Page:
Here is the third act of the drama, the issue of values. They deeply split American and European society, and this tectonic fault line is perhaps the great line of continuity and union across the Atlantic, given that issues of values sometimes appear as incomprehensible to Asia as, for example, colors to colorblind people.

A unified transatlantic geopolitics might dictate that they be skipped over, but this is impossible given how deep-rooted and profound the issues are. Moreover, some essential elements, such as questions of freedom, ranging from the person to politics to the market, and the limits of that freedom, are fundamental even among less free societies.

Then it is necessary to look at ourselves, American-Europeans, at least a little bit.

God, Country, and Family have been the three sides of the conservative-reactionary triangle that has marked the European right for at least two centuries, from the times on the 1789 French Revolution to the 1989 fall of the Berlin Wall.

Last century the combined assault of communist atheism and fascist neo-paganism attempted to abolish God.

Under similar thrusts, Country was declared null and void by communists in the name of a proletarian neo-universalism that put everything under Moscow’s command. Or it was taken to extremes by those who saw only their own Countries and ignored the rights and needs of the Countries of others.

The patriarchal family ended because of the simple universal emancipation of women, which continues and will continue to move the needle of family balance.

Now the great communist momentum is over, one feels lost in a world that changes at ever-increasing speed, and the desire for values and traditions that apply to all has returned.

One problem is of course what values and traditions are involved. Are African, Chinese, Indian, European, and Arab values all the same?

If they are all the same, the world becomes atomized. There are no more judgments, no more rules, and therefore there is a lack of communication. It is anarchy based on the power of the strongest. The enforcement of “Western values” is practically impossible; nobody will accept them, not even Westerners. Besides “Western values” perhaps exist only in the mind of those campaigning against freedom.

What is needed instead is a practical basis for dialogue. In fact, this is already beginning to occur.

God is back. Whether it is the intolerant one of the fundamentalists or the merciful one of Pope Francis, temples and churches may be empty, but atheism is no longer theorized. The hatred against God that began with the French Revolution has ended. Then since God is back, in practical preference, most people, without suicidal mania, will choose the merciful God of the Pope to the intolerant one of religious Fundamentalists.

Communist universalism is over, and there is no room for a Country that tramples on the Countries of others, as the Russians tried to do against Ukraine. If the Russians could not do it, others are even more unlikely to succeed. Instead, there is a return of a Country that aligns its interests with those of the world.

With regard to the family, the old patriarchal tyranny is no more, but there is a new desire for a core of affection that coalesces around a couple with children. The fact that LGBT people want the right to marry is evidence of the return, the strength of the family. That said, children adopted by LGBT couples, surrogate pregnancies, easy abortions, and contraception are displacing the old contiguity between sex and reproduction and the patriarchal family.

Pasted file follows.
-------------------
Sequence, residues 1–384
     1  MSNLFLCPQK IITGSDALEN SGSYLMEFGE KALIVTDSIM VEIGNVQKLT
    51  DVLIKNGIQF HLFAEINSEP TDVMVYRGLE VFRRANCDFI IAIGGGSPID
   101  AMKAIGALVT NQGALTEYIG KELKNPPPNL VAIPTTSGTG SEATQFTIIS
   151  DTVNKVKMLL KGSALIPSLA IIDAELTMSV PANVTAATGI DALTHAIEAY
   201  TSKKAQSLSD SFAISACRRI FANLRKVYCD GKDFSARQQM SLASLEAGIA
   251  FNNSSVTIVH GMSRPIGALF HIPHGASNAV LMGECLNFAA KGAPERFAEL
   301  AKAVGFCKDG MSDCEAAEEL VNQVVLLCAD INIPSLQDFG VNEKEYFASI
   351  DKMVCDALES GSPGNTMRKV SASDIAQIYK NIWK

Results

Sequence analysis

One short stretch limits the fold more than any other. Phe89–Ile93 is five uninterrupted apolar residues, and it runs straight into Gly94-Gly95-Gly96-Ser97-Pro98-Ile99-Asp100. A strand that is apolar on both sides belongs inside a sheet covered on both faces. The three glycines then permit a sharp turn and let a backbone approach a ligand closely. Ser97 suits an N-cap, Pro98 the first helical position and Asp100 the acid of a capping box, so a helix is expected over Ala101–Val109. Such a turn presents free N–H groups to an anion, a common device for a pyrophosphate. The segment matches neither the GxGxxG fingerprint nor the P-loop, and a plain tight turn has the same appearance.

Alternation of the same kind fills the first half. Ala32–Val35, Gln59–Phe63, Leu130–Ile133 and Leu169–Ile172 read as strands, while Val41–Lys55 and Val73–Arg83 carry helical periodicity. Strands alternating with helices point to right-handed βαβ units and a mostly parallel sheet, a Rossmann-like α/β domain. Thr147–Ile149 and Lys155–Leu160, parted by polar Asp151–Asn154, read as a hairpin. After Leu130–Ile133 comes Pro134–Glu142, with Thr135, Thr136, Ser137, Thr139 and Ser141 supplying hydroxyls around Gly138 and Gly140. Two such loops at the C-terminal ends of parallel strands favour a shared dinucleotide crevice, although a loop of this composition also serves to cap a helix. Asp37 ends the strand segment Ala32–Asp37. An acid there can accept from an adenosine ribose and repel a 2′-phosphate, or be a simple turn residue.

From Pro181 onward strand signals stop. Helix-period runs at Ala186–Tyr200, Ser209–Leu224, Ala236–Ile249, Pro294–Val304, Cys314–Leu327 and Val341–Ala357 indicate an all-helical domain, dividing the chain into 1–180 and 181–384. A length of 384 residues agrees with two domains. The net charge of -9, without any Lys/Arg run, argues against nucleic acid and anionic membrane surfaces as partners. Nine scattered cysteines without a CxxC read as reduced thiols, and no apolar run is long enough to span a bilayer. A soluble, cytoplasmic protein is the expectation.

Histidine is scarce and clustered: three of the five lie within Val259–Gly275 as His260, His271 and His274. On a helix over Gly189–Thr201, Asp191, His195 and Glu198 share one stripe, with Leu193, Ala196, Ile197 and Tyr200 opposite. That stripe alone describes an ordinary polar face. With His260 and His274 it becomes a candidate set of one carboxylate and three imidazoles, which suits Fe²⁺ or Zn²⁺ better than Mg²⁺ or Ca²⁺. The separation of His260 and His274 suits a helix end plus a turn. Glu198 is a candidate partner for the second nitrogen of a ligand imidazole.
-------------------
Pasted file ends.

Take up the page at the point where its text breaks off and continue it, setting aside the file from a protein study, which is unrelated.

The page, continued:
Yet in days gone by, the contiguity between sex and reproduction was paid for with clandestine abortions, children not recognized by their fathers, and children given as servants to the homes of the rich. Having mommy and daddy was a fortune. Now that it is easy to have a “normal” family, to do without it seems like a slap in the face of misery.

Of course, this appears to be against nature. Then again, a population that has exploded in a century from one to eight billion, with an average life span that has since doubled from less than 40 years to nearly 80 years, is just as “unnatural.”

The truth seems to be, at least with an Asian eye, that “tradition” is already returning, but it is readjusting to different parameters than those used before the French or Soviet revolutions. In short, in many of the “newist” demonstrations there is no desire for upheavals like those of the last century, fascist or communist. It is neo-traditionalism. Even in “woke” demonstrations that deny “white culture,” it is to establish another culture.

Here the discriminator is not black or white, red or green culture; it is yes or no culture. Those who oppose the study of Greek classics should be given Chinese classics, or Indian classics, or Mayan hieroglyphics to study. And yes, no culture, should be forbidden.

Knocking down and rebuilding statues is part of Western culture. They are the iconoclasm that has plagued Christianity for centuries and still torments the Muslim world, as we read in Orhan Pamuk’s My Name is Red. Nothing new under the sun—it is part of our tradition.

The essence of this tradition, beyond daily polemics, is deeply cemented on both sides of the Atlantic and projected into the future if and insofar as a synthesis, however shaky, can be found.

The extreme, “neo-czarist” position advocated by Moscow and its Western followers, on the other hand, is destined to disappear, defeated by war, as happened to fascism after World War II or communism after the Cold War.

This then comes with the transformation of the Muslim world, which is looking culturally and religiously more toward a dialogue with the Holy See and politically and economically toward a relationship with Israel.

The ongoing crisis in Iran, contemporaneous with the Russian crisis, seems to point to another aspect of this profound transformation, the shift and marginalization of the more radical Islam that has exploded precisely since the Khomeni revolution in Tehran 40 years ago.

This ongoing change then poses very important cultural, political, and economic opportunities and challenges to Asia, home to 60% of the world’s population.

One question above all goes to China: If Moscow, part of European culture, has not succeeded in politically and culturally splitting Europe and the transatlantic relationship, could Beijing succeed?

And if it cannot succeed, what strategies can China adopt to deal with its near future to avoid dangerous isolation?

From these answers, post-war Ukraine could really begin.

[1] See Zongyuan Zoe Liu China Is Hardening Itself for Economic War